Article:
Kazemi returned to Afghanistan in 2012 to act in Afghan films, after spending her childhood in United States. Being a thoroughly modern Afghan-American, Kazemi is passionate about challenging conservative interpretations of her culture.
She took the role of a rape victim in the film, “The Icy Sun”, in a bid to bring attention to the issue women are facing in Afghanistan after being raped, and imprisoned by law rather than going after her attacker
Kazemi during the first uncensored screening of “The Icy Sun” last February said, “The concept of honor for the men rests on a woman’s shoulders. Her brothers and her family feel that they have been raped of their honor.”
She said, the perception of honor means that society often blames the women who are attacked.
Rwandan President's Widow Takes France to European Rights Court
16 January 2014
The widow of former Rwandan president Juvénal Habyaramina is taking France to the European Court of Human Rights (ECHR) for refusing to allow her residency papers. Agathe Habyarimana is wanted in Rwanda for genocide and crimes against humanity relating to the violence that followed her husband's killing in 1994.
In 2013 France's Council of State upheld the refusal of local officials to grant Agathe Habyarimana residency papers on the grounds that she was a "danger to public order".
Her lawyer Philippe Meilhac claims the refusal was political discrimination.
"Several of my client's children are in France, some having French nationality," he said. "An unfavourable treatment is being applied to Mme Habyarimana for political reasons because diplomatic relations must be maintained with Rwanda."
The 71-year-old woman has taken the case to the European court, claiming that the refusal is a breach of the European Convention on Human Rights.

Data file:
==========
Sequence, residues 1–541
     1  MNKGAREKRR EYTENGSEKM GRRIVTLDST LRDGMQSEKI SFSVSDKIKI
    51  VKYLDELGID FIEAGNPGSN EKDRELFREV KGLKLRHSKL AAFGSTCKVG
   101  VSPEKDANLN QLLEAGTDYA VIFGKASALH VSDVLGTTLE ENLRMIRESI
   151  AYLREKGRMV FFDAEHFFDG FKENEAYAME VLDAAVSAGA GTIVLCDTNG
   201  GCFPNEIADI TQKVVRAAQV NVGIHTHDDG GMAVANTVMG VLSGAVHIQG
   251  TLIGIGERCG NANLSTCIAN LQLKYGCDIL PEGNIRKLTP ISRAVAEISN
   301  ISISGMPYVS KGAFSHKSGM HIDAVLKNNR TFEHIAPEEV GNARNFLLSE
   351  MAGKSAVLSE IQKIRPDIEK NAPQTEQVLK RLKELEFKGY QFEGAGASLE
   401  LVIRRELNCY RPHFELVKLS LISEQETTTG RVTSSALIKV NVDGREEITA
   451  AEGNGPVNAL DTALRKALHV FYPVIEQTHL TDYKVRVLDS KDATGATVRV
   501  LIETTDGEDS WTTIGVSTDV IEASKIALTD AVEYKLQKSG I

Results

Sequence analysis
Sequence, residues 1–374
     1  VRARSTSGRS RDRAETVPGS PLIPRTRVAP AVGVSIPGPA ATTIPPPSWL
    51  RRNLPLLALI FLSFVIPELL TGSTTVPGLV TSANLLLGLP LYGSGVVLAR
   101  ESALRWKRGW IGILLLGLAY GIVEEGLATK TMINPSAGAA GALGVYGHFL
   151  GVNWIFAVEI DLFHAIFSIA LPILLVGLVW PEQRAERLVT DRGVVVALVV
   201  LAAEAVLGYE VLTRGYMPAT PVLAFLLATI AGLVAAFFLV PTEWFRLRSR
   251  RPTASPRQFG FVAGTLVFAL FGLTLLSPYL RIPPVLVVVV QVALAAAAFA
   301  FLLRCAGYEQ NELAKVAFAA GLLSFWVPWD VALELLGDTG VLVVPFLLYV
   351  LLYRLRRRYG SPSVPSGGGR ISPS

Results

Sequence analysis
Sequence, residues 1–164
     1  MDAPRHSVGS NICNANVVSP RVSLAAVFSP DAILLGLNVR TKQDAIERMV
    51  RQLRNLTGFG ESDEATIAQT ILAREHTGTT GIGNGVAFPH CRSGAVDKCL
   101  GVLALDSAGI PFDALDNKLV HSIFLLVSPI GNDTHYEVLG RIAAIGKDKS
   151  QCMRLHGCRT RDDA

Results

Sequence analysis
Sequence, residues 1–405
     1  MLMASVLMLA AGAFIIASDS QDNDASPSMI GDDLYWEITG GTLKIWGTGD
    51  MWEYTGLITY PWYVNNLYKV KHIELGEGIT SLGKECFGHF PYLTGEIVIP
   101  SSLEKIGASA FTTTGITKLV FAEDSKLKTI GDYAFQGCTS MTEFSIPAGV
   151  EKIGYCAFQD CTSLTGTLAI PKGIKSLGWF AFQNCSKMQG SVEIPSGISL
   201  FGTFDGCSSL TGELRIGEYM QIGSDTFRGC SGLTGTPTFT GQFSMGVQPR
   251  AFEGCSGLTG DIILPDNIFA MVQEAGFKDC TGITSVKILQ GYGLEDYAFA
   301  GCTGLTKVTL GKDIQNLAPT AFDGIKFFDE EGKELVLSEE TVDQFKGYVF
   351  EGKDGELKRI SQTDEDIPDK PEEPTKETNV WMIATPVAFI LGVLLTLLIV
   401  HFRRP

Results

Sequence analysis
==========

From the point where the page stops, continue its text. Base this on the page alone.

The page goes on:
Agathe Habyarimana, a Hutu, is accused of being one of the planners of the 1994 mass murder of Tutsis and non-sectarian Hutus that followed the fatal shooting down of her husband's airplane.
A French court in 2011 refused to extradite her to Rwanda to face genocide and crimes against humanity charges but an inquiry into charges of complicity with genocide is ongoing in France.
The French military brought her to France shortly after her husband's death and she applied for political asylum after deciding to live here in 1998.
The application was unsuccessful so she applied for residency papers in 2009.
Gambia Supreme Islamic Council President Denounces 'Indecent Dress Code'
16 January 2014
The president of the Gambia Supreme Islamic Council, GSIC, has denounced what he called the present-day indecent dress code, especially by young girls, calling for the matter to be addressed immediately.
Muhammed Lamin Touray, who was speaking in an interview with The Point, said the people who facilitate such dress codes must show some care because, as he put it, the situation is getting out of hand.
"Our present day dress code is indeed saddening and needs to be addressed immediately. Our sisters and daughters have no clue of the type of dress they wear; as long as it looks fashionable to them, it is good," he said.
"The tailors and the people in business must be careful, because Allah will question them on this type of dress they make and sell," Touray added.
Commenting on the issue of forced marriage, Touray said according to Shariah, a woman who has already experienced marriage cannot and must not be forced into marriage.
"Her consent and opinion must always be sought before tying the marriage. A girl who has never experienced anything in marriage must be guided in making her choice of a man in marriage, but must not be forced," he stated.
Marriage, Touray noted, is a Sunnah (a way of life of Prophet Muhammad) but not obligatory or compulsory, while obedience to parents is an obligation.
"Allah said in the Quran 'obey me and follow my commands and that of your parents' " Touray cited.
The erudite imam explained that women could be guided in making their decisions, but must never be forced into marrying men against their consent.